Often when you are on a multi-band bill, you do not have the luxury of putting a backdrop up. You may be on a borrowed kit, so you can’t use the bass drum skin to display the band name. You need to repeatedly tell people who you are. Tell people ‘we are the blind donkeys (or enter a band name), and we will see you at the merch stand’.
The whole point of doing the gig is to build your audience, and you need to consolidate the great stuff you have done on stage. People are into the band; you will seal the deal when people discover what amazingly cool people you are and you will sell some merch. If you do this well, you will break even on your support tours and make money on your headline tours.
Let's discuss the six-million-dollar question “How do you manage pesky musicians?” This is why bands are so hard to form and keep together. The worst thing is, when it's all going really well it can collapse due to internal pressures. Nobody talks about this stuff, let's think about how we can do it effectively and minimise the negativity.
Bands tend to form, and it either works organically or it doesn’t. People in business are not keen on that, they invest substantial sums of money and do not want their investment falling to pieces. Consequently, professionals have become better at understanding the internal politics of teamwork. Therefore, strategies have been developed to better manage teams. Let's start applying these to our bands and musical projects.
Here is a tool to facilitate better teamwork. It's really easy to complete, and it will explain the mechanics behind your band chemistry. Click through to the below link;
This will take you to Dr.Meredith Belbin’s test. The Belbin test has been designed by teamwork researchers. It’s a tool used to analyse your role in a team, both as an individual and a group. It evaluates the combined strengths and weaknesses that holistically affect a team. It’s an amazing way of taking an objective view of your band. What's more, it’s a little bit of fun, what do you have to lose? Try it out and see what you learn from it. There are lots of tests like these, if you don’t like the Belbin one, try these other links out. Some cost a bit of money however many are free;
Democracies in bands unfortunately rarely work, it usually leads to mediocrity and a slow pace of work. This means leadership is required, the trouble is, it usually falls to one or two people. This creates a disproportionate workload and you do not get a medal for it. In fact, a little bit like a politician you often get a lot of flak for working and trying really hard. However, my advice is to accept it, go with it, that's part of the role. If you have chosen it, you need to accept the whole package and crack on with the work. If you are watching this video - the role of the leader is probably yours!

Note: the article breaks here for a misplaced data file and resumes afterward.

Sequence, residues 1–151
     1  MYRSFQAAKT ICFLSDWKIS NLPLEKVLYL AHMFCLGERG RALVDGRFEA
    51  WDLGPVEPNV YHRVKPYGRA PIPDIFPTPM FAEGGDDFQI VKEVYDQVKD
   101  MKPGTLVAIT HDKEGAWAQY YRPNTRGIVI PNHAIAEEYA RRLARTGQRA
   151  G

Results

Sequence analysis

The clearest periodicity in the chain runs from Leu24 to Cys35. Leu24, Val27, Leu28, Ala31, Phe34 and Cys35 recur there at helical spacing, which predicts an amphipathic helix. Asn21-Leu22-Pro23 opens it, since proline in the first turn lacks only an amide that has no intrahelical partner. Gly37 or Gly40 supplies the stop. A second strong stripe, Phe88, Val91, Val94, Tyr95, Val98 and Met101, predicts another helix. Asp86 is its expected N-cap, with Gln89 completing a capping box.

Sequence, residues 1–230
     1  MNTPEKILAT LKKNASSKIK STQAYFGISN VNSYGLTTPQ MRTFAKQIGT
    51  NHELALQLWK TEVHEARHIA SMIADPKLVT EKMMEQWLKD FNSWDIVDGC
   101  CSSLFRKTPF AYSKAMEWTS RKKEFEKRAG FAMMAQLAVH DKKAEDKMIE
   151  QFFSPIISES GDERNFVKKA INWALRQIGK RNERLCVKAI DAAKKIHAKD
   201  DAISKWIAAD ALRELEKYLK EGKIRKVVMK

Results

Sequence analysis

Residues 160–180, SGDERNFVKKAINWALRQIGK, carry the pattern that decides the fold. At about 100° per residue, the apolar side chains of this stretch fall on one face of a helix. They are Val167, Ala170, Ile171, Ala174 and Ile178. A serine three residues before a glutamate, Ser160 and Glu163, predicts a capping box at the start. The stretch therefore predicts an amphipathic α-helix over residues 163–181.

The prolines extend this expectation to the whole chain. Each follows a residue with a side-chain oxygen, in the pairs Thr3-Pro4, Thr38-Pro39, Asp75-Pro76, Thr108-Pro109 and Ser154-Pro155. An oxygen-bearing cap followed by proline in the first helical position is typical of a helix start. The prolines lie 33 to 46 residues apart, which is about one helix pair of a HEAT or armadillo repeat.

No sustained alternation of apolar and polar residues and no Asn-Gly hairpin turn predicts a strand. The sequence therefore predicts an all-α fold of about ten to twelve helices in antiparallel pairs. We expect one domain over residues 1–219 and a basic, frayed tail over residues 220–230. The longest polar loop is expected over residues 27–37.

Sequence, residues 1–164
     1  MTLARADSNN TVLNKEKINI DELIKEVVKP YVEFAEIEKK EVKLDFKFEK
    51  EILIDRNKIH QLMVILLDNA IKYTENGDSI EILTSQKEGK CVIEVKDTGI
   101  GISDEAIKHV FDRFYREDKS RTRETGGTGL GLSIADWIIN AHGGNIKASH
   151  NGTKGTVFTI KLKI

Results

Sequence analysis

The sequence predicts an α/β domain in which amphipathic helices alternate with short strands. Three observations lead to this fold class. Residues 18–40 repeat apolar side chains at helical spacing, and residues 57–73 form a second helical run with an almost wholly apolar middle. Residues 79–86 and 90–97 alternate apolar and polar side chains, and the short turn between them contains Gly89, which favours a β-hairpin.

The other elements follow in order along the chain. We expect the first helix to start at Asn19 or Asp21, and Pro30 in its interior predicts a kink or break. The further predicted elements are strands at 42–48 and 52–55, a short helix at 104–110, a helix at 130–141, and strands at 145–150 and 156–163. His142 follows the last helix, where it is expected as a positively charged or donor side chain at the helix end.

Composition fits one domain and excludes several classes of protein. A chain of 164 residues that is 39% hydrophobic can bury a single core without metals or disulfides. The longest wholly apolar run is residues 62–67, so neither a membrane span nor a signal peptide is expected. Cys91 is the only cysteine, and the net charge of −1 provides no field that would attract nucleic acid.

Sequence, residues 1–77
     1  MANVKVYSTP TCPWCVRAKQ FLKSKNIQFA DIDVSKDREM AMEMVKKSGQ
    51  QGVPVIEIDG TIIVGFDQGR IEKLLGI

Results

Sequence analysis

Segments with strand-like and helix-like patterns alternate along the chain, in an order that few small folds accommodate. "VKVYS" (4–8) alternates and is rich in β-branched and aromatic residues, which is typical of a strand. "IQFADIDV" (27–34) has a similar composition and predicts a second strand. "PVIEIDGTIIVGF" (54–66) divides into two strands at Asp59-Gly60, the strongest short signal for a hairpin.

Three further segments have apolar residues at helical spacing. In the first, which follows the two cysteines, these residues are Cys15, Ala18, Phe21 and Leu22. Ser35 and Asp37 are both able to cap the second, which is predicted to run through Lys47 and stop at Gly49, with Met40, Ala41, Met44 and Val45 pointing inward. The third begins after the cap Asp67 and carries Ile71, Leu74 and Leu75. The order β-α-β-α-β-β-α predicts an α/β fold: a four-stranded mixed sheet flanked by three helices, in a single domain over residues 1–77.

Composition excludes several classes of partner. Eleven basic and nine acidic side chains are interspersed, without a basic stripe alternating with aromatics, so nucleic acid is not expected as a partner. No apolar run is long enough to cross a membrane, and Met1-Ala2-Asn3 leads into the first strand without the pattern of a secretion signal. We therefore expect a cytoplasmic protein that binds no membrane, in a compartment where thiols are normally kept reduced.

You need to be able to deal with difficult situations otherwise it’s just going to slow you down. If there are band members that are not contributing and treating it like a hobby, it will just hold you back. You have to be able to grasp the nettle and deal with these things with honesty and integrity. Tell it how it is, rip the plaster off and it’s never as bad as you think it is. Conversely, if it is you who has been fired, take solace in the fact that all the best people get fired at least once at some point, myself included.
This is me signing off and don’t forget that if music has become important, you can study a Degree or Master online or on onsite. The exciting thing is that as these programs are work-based learning, you can make your band, your work or professional activity the focal part of your Degree for Masters. It’s an incredibly exciting time, and I know how hard it is to run these bands and be a professional musician. Why don’t you take that experience put it into a qualification, get the letters after your name, design a portfolio career, gather extra income streams and turn music into a full-time career? Artist power is what it’s all about!
Thanks for reading, if you interested in learning more and are serious about progressing in your a career as a musician please join us at WateBear HQ for an Open Day or Order a Prospectus